All the analysis shows that 11 reasonable actuation combinations can be obtained to constitute the actuation spaces of the mechanism.

Comparing the synthesizing process and the results of the actuation spaces of the flexure and rigid parallel mechanisms, we find that reasonable actuation wrenches could be constituted by swapping the rotational vector and translational vector, and by the linear combination of the constraint spaces and the freedom spaces based on the important synthesis criteria. But the actuators can only be arranged on the motion pairs for the rigid PMs, while the actuators could be arranged more flexibly for the flexure PMs. This result not only demonstrates the consistency and the feasibility of the synthesizing process for actuation spaces of both rigid and flexure PMs with lower-mobility, but also indicates that the rigid mechanism is a special case of the flexible mechanism.

Conclusions and Future Work

(1) A unified approach has been presented for synthesizing the actuation spaces of both rigid and flexure parallel mechanisms, and all the rational actuation spaces of PMs could be obtained.

(2) On the basis of the synthesis criterion, a general expression of the actuation space in the format of screw systems has been derived, and the synthesis process of all the actuation spaces generating a specified motion pattern has been deduced.

(3) The typical 3-RPS rigid parallel mechanism and the 3R-DOFs flexible mechanism has been selected as examples to synthesize the actuation spaces, and all reasonable actuator placements has been obtained, which verify the feasibility of the united approach for synthesizing actuation spaces of both rigid and flexure parallel mechanisms.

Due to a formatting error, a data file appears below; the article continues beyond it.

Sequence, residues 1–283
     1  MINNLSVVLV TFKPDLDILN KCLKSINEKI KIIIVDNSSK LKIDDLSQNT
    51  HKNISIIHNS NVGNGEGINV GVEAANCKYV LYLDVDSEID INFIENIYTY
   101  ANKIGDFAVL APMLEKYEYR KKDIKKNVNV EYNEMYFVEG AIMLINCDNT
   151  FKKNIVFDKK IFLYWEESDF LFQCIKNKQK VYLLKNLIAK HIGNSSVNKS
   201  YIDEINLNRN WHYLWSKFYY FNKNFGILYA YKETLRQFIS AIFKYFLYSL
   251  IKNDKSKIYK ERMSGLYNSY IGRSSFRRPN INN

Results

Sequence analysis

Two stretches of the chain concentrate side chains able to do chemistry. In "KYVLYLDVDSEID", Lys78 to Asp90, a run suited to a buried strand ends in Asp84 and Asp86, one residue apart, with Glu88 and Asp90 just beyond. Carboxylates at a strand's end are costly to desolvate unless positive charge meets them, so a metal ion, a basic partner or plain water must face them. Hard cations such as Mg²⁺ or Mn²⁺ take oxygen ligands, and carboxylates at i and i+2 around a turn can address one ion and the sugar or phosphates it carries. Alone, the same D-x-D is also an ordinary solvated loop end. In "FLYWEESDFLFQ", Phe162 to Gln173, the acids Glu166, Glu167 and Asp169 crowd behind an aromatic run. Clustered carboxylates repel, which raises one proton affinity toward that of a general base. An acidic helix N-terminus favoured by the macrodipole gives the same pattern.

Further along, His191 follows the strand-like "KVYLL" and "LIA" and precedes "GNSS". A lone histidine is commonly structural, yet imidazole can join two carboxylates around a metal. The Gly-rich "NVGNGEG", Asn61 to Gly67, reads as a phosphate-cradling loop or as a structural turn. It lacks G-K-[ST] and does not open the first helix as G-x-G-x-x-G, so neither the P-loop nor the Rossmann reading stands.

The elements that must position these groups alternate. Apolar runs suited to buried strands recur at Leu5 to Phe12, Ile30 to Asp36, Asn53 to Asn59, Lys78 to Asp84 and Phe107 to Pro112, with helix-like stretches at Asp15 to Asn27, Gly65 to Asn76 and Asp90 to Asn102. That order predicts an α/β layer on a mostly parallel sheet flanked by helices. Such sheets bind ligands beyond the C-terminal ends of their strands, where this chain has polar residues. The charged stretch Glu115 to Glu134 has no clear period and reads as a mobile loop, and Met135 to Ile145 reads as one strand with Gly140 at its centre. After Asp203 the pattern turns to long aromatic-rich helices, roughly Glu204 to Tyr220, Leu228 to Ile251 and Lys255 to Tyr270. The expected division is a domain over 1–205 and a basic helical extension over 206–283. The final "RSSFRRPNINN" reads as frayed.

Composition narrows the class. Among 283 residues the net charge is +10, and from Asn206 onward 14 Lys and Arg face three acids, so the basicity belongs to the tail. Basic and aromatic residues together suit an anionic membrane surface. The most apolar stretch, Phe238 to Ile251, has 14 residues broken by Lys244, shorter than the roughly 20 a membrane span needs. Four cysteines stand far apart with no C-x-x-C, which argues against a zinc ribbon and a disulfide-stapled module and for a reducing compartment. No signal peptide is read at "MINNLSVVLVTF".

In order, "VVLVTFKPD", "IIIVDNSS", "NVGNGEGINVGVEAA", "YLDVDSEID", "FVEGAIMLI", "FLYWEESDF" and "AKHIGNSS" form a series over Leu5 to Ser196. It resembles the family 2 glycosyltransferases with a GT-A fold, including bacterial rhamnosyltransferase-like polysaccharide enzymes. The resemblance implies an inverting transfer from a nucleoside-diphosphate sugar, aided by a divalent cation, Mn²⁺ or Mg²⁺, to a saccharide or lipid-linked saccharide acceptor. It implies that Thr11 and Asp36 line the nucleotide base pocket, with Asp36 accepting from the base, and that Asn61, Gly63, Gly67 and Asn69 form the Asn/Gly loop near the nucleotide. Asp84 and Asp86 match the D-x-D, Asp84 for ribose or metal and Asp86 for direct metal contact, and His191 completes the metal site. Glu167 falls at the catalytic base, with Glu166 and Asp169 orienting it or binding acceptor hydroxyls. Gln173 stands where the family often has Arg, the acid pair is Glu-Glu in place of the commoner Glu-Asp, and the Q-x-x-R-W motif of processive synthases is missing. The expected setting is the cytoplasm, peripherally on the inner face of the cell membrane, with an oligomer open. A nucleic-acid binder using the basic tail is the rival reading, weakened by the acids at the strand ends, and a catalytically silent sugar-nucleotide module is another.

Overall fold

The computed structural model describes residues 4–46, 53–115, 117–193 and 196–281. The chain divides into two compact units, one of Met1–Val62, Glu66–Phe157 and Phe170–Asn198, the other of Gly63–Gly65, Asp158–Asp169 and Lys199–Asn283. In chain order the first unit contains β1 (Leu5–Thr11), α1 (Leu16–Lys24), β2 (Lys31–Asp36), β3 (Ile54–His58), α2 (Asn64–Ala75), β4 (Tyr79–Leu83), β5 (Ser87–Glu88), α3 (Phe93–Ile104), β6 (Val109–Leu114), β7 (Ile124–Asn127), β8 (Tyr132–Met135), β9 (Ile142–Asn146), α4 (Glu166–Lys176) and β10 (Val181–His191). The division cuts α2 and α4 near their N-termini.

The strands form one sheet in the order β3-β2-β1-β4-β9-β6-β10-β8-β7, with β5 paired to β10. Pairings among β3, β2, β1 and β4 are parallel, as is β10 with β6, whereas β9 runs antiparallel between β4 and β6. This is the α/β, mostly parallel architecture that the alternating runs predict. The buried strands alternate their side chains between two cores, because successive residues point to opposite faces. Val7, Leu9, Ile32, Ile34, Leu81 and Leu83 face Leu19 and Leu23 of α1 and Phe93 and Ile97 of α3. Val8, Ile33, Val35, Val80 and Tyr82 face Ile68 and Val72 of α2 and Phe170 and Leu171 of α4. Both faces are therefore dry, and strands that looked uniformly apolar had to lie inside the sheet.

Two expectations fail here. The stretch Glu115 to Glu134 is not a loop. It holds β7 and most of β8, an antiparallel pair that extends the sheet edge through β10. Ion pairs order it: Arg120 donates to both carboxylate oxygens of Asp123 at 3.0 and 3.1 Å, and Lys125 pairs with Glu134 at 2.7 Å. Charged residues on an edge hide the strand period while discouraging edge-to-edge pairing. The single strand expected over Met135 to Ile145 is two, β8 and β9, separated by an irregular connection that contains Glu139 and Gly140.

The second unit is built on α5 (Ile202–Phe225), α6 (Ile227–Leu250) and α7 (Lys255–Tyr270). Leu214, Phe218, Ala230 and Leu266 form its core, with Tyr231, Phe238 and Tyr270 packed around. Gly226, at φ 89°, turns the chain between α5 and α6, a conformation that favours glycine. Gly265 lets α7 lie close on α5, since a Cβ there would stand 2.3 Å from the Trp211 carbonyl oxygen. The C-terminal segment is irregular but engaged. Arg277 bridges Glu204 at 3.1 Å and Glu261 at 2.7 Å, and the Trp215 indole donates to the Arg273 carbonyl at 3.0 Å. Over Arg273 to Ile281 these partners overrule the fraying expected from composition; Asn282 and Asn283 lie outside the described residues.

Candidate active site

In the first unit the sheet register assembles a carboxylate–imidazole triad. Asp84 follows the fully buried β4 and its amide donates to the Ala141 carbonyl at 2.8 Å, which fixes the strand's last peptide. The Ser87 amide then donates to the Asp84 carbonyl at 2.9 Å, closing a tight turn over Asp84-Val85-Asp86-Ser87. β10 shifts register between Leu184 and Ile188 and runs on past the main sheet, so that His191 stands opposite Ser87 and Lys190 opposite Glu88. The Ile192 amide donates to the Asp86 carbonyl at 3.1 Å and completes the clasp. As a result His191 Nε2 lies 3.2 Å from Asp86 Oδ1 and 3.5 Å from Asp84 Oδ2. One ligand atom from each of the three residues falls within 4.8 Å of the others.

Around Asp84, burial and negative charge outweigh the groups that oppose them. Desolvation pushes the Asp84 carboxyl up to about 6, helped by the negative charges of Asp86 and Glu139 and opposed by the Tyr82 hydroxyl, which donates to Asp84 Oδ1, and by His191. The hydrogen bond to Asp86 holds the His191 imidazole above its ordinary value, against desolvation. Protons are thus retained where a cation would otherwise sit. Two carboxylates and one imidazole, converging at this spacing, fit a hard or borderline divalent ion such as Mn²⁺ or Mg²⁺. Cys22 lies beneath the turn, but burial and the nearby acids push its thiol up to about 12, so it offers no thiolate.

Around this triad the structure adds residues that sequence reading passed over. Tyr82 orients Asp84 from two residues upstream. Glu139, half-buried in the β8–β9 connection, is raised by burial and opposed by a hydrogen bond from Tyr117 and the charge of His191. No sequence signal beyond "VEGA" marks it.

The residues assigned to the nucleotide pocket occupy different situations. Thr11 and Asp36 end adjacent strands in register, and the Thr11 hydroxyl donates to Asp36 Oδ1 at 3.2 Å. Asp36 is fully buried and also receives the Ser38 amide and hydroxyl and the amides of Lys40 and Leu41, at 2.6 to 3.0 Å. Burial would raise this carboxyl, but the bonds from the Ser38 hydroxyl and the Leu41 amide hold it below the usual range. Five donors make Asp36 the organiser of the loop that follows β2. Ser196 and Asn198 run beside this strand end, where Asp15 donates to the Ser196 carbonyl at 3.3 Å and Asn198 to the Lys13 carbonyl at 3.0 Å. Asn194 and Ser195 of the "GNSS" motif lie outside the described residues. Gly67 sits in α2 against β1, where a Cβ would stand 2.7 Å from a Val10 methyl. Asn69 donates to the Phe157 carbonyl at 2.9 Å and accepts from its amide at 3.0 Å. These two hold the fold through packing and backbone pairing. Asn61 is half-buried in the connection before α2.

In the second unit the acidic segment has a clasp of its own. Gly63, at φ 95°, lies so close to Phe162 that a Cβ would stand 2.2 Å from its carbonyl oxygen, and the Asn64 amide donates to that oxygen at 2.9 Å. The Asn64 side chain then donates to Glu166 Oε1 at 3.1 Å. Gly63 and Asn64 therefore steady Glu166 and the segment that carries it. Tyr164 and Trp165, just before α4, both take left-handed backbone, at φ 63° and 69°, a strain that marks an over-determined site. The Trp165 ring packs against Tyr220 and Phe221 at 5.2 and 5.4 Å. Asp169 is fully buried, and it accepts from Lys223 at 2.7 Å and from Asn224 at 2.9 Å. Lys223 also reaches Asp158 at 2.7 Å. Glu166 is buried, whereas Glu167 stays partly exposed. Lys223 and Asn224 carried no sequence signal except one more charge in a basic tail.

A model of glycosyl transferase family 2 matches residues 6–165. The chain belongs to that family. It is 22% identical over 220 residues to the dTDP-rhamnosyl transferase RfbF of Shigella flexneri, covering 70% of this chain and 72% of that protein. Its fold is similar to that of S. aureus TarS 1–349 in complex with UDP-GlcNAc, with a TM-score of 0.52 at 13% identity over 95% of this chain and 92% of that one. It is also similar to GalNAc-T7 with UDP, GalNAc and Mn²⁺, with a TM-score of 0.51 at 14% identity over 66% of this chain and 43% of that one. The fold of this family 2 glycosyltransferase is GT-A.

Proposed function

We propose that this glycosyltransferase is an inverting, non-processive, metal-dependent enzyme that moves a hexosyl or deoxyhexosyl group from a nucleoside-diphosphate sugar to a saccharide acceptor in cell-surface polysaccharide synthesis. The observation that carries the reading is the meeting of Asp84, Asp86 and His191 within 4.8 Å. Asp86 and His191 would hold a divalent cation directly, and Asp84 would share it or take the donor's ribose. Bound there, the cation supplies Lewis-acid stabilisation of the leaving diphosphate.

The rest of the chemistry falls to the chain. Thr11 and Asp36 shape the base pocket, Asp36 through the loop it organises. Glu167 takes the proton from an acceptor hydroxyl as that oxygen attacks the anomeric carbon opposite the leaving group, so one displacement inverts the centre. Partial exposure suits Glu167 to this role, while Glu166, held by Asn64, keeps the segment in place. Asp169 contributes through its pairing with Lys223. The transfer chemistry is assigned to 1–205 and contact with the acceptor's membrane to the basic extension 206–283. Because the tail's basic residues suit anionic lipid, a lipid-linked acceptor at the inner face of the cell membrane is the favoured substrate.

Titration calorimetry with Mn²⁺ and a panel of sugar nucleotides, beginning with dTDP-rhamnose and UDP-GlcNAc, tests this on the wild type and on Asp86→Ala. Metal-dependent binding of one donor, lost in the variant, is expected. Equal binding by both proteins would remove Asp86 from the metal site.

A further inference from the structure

The selection and placement of the actuators would be carried out according to experiences or principles generally, but it could not consider all the rational input combinations, and it may result in that the selected input combination is not the best-chosen. This research provides all the rational schemes for input selection, input optimization could be proceeded next according to a realistic engineering application.

How to express the actuation spaces more intuitively and figure out the problem of input optimization to find an optimal way to place actuators for both rigid and flexure parallel mechanisms will be very challenging tasks in the future.

References

  1. [1]

    J P Merlet. Parallel robots. London: Kluwer Academic Publishers, 2006.

    MATH  Google Scholar 

  2. [2]

    S Rakuff, J F Cuttino. Design and testing of a long-range, precision fast tool servo system for diamond turning. Precision Engineering, 2009, 33(1): 18-25.

    Article  Google Scholar 

  3. [3]

    M Akilian, C R Forest, A H Slocum, et al. Thin optic constraint. Precision Engineering, 2007, 31: 130-138.

    Article  Google Scholar 

  4. [4]

    J Wahl. Articulated tool head: US, 6431802. 2000-11.

  5. [5]